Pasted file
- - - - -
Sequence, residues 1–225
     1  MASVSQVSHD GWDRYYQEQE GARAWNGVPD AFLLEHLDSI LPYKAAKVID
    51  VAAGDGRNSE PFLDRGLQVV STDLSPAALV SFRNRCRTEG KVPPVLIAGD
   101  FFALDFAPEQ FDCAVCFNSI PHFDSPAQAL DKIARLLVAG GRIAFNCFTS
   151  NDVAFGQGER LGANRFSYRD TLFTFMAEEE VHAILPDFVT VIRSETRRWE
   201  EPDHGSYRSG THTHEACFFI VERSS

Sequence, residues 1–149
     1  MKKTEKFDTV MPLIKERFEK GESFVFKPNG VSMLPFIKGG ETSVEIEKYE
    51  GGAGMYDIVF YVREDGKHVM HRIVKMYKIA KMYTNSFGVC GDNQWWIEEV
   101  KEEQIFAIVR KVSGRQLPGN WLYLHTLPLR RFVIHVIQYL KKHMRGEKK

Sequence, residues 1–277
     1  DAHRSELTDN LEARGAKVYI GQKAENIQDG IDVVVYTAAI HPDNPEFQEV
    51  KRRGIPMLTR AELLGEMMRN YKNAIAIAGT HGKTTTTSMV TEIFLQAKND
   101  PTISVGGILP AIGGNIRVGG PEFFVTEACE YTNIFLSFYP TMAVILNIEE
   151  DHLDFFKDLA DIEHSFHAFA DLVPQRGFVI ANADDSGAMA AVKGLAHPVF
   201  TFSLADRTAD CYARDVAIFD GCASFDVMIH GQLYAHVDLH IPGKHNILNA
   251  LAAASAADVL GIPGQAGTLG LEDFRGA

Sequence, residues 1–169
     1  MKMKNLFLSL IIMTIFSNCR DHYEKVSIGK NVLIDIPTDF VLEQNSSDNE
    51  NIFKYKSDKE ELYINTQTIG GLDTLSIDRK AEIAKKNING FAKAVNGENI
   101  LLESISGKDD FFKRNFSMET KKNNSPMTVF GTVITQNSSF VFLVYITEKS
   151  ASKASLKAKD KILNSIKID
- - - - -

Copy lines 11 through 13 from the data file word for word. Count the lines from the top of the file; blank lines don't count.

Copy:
Sequence, residues 1–277
     1  DAHRSELTDN LEARGAKVYI GQKAENIQDG IDVVVYTAAI HPDNPEFQEV
    51  KRRGIPMLTR AELLGEMMRN YKNAIAIAGT HGKTTTTSMV TEIFLQAKND